Meet the Robinsons appears in an aspect ratio of approximately 1.78:1 on this Blu-ray Disc. No issues materialized here.
Sharpness satisfied. Due to the film’s slightly diffuse look, definition wasn’t as super-tight as one might get from other animated films, but I still thought the image showed nice clarity. I noticed no issues with jagged edges or shimmering, and edge enhancement appeared to be absent. No source flaws came with the transfer, as the movie lacked any form of defect.
Colors went with a somewhat subdued pastel feel much of the time, though they brightened when the movie went to the future. Within those parameters, the hues looked positive. The various tones came across as clear and well-developed. Blacks also seemed dark and firm, while low-light shots offered good delineation. Across the board, this became a satisfying image.
As for the Uncompressed LPCM 5.1 soundtrack of Meet the Robinsons, it also proved to be up and down. The soundfield wasn’t quite as expressive as I expected, but it added zest to the flick. The various action sequences opened up the material the best.
With a mix of characters and flying items, the elements zipped around the room and broadened matters in a vivid manner. Quieter sequences were a little sterile, but they showed decent breadth and effectiveness.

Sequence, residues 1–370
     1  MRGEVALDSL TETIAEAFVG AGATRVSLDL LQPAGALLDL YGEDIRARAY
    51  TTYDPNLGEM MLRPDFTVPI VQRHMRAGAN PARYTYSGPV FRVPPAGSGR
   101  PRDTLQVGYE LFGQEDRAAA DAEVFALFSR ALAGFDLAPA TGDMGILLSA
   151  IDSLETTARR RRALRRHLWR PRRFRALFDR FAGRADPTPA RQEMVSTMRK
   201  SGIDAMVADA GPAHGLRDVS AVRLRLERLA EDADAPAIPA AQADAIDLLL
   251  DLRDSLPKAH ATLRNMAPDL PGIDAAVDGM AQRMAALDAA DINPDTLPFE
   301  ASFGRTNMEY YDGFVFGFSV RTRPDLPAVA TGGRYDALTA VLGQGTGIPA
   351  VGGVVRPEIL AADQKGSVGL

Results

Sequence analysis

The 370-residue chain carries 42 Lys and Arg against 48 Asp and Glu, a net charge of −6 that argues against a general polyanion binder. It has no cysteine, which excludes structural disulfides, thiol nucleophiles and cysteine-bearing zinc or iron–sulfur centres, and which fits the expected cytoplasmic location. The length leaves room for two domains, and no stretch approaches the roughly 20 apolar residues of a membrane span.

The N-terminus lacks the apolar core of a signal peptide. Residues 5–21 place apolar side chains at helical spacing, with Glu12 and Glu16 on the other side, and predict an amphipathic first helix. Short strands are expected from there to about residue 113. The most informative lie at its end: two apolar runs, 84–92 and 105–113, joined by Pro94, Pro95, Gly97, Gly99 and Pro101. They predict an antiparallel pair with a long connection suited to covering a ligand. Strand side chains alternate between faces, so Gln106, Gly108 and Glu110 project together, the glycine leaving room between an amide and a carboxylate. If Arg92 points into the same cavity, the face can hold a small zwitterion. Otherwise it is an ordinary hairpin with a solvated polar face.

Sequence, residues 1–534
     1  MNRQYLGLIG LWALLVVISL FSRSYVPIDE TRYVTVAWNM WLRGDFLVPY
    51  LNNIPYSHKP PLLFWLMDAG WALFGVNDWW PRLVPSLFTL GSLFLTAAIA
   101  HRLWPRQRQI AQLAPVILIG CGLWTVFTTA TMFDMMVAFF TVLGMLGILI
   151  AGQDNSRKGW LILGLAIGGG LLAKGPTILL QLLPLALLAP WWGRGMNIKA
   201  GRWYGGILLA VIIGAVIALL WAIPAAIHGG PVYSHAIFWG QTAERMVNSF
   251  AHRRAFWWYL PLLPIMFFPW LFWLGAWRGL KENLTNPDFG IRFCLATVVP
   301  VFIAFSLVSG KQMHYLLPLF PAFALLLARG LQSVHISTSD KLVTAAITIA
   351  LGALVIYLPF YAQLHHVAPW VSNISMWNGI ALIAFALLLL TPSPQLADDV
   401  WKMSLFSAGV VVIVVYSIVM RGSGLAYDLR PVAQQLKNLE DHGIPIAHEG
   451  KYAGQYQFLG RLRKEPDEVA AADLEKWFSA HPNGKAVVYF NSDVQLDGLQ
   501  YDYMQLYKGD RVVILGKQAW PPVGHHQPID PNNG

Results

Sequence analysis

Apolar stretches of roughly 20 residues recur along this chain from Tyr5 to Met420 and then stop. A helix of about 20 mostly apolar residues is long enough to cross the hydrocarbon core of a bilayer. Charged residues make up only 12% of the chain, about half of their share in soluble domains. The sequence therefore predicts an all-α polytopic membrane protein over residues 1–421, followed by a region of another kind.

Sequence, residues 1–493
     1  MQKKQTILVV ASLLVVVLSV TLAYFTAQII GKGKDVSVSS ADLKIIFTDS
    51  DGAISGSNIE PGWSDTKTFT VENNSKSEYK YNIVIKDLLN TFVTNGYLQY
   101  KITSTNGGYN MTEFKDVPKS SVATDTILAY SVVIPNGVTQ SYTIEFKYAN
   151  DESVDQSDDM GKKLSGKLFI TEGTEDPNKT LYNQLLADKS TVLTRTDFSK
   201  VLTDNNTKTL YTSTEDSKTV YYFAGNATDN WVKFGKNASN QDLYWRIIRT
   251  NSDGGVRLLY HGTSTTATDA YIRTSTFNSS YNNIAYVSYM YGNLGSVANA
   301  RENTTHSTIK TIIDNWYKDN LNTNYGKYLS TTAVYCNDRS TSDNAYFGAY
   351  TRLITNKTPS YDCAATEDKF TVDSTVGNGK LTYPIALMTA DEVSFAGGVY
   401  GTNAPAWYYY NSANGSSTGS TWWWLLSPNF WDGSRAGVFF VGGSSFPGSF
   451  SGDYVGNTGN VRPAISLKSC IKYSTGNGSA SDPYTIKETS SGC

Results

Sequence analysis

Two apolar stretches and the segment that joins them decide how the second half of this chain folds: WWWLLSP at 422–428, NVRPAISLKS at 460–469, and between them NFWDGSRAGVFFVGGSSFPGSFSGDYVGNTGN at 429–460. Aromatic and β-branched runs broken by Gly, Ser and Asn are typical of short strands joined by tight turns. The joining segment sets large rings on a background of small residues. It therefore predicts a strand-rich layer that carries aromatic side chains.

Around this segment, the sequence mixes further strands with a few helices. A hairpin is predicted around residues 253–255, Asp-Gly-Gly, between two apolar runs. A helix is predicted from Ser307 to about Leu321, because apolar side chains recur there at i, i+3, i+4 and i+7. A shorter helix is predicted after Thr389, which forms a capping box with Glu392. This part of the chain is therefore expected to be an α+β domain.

Audio quality came with some issues. Speech came across as natural and concise, while effects demonstrated solid accuracy and definition. However, low-end could be too dominant and boomy, a factor that also affected the music. The score seemed fine, but songs showed the overcooked bass. With better balanced low-end, this would’ve been a more satisfying mix, but that heavy bass caused problems.
How did the Blu-ray compare to the original DVD? Audio was a bit more natural in some ways, but the LPCM track’s too heavy bass created distractions that didn’t exist with the old Dolby Digital mix.
Visuals came with no caveats. The Blu-ray was more accurate and vivid and smoother. The picture showed the expected improvements.
The Blu-ray repeats the DVD’s extras and adds a couple of new items. We start with an audio commentary from director Stephen Anderson. He provides a running, screen-specific chat. Anderson looks at the original novel, the initial script, and the story’s development, cast and performances, score and songs, character and visual design, his personal connection to the film, and a few technical issues.